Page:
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Wise words on an emotive subject

Writing about animal emotions after enjoying the London pantomime, “The Jungle Book”, the other week it seemed appropriate to reflect on the thoughts of two very special people who have championed animal emotions for decades.

Virginia McKenna OBE founded the Born Free Foundation in the UK together with her husband Bill Travers and has highlighted time and time again how and why animals suffer emotionally – just like us – and why we must now give them the benefit of the doubt. Here’s what Virginia has to say about animal emotions:

How many more tests and experiments must be carried out to “prove” that animals have emotions? Recently, some scientists have stated, evidently with some degree of astonishment, that yes, they do – fear, jealousy and the rest.

Don’t any of these experts have a dog or a cat? Don’t they watch serious wildlife programmes? Or look on as some circus animals are forced to perform although they are consumed by fear (as I have done in China)?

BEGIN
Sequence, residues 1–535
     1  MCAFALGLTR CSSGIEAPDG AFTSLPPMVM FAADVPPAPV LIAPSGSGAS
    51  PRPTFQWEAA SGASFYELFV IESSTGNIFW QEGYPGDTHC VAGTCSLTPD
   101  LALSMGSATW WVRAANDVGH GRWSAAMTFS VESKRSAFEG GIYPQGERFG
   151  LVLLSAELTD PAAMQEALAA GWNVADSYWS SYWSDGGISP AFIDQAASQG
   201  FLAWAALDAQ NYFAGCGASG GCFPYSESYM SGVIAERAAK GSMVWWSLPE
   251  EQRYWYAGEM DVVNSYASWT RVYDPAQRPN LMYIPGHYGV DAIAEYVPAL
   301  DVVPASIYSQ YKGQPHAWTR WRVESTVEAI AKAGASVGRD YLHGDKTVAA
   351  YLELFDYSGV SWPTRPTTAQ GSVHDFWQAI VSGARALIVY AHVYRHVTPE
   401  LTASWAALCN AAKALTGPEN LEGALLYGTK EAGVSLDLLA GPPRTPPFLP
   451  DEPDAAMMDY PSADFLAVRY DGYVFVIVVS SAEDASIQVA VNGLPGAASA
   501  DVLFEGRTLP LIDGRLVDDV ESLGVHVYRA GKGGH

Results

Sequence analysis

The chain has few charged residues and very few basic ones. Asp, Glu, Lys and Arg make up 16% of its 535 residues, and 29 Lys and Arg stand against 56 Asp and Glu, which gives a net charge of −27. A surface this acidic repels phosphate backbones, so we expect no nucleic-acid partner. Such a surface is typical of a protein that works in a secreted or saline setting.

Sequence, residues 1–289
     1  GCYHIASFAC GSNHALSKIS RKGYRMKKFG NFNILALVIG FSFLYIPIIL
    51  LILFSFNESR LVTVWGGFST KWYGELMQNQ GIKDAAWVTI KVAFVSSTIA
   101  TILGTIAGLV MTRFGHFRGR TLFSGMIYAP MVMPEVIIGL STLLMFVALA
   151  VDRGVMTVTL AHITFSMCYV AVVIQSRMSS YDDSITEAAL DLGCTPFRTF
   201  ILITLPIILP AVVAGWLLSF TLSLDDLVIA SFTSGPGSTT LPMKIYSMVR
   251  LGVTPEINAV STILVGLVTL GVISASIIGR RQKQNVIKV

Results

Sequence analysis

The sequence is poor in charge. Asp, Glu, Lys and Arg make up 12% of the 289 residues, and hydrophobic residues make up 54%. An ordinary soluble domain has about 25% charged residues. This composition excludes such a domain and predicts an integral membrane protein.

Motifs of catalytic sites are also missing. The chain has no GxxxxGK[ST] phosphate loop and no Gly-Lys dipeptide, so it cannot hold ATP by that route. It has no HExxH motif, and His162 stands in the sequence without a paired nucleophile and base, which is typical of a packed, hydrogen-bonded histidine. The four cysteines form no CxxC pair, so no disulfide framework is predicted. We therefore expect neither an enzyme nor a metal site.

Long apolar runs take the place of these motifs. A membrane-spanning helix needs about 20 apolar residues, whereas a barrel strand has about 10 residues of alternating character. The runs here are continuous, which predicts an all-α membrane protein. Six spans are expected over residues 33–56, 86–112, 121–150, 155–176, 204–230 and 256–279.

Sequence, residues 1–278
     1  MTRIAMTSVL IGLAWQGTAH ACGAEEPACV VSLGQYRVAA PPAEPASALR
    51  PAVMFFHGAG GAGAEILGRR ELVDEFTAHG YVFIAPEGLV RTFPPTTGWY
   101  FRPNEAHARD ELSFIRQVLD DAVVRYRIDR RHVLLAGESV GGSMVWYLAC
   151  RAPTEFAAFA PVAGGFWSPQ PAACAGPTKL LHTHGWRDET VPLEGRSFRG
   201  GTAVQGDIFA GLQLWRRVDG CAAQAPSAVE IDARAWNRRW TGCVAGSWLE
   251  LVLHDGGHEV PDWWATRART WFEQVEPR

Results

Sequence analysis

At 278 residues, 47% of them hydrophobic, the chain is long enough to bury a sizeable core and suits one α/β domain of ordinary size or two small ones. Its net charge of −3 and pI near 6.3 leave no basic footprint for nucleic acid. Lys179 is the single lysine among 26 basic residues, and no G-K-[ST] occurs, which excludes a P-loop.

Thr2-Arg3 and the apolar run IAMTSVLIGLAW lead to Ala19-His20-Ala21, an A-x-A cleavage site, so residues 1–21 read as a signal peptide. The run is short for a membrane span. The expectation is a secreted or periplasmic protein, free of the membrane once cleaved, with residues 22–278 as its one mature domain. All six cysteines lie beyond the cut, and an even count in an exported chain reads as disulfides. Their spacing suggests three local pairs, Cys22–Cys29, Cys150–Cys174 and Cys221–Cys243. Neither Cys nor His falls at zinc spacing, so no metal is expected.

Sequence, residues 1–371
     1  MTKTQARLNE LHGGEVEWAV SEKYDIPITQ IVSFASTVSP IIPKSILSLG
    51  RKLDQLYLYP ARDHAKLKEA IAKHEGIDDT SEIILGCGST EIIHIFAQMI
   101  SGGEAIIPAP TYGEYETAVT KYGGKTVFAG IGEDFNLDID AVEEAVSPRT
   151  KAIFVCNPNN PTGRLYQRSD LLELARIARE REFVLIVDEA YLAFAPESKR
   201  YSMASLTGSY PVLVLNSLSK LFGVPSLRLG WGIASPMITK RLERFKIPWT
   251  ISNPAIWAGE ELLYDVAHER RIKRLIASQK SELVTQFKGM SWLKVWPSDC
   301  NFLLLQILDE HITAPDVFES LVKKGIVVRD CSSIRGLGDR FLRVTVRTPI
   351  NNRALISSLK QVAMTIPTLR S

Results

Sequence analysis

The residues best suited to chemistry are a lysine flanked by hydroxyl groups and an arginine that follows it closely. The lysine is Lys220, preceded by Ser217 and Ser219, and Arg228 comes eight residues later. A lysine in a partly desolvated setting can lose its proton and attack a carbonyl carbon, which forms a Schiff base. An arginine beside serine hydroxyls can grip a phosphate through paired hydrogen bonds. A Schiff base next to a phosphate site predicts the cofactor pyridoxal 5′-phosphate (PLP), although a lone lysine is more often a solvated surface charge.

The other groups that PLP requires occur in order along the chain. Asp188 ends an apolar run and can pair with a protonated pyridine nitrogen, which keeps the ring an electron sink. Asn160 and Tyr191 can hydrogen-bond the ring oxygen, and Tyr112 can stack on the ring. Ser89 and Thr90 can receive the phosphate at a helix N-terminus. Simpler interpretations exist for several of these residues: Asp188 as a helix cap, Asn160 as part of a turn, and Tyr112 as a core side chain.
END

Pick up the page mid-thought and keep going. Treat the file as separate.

Of course animals have emotions. They feel affection, anger, protectiveness, fear, pleasure – just like us. We don’t need scientists to tell us this. The animals do it themselves.

Similarly, animal ethnologist and author Professor Marc Bekoff (who has visited our bears in Chengdu) feels strongly about this subject too. During a recent radio interview Marc, who wrote “The Emotional Lives of Animals” told the interviewer that if someone said he was behaving like an animal, he’d simply say “thanks”. Here’s what Marc has to say:

Animal emotions are public affairs, not private matters. Emotions function as social glue and are important for forming and maintaining social bonds among individuals, motivating them to do one thing or another, and insuring that there is flexibility in behavior so they do what’s appropriate in a given situation with friends and competitors. Emotions allow individuals to move through the world with likes and dislikes, just as we do.

Does anyone really not believe (as Marc also says) that while animals may not have the same emotions as us, they do indeed have "their" version of emotions.

Surely we must challenge so-called science, which currently insists that we must "prove" that animals feel misery and terror. Shouldn't we be asking those scientists why they think that they don't?

Photo of Virginia: Copyright M. Haines

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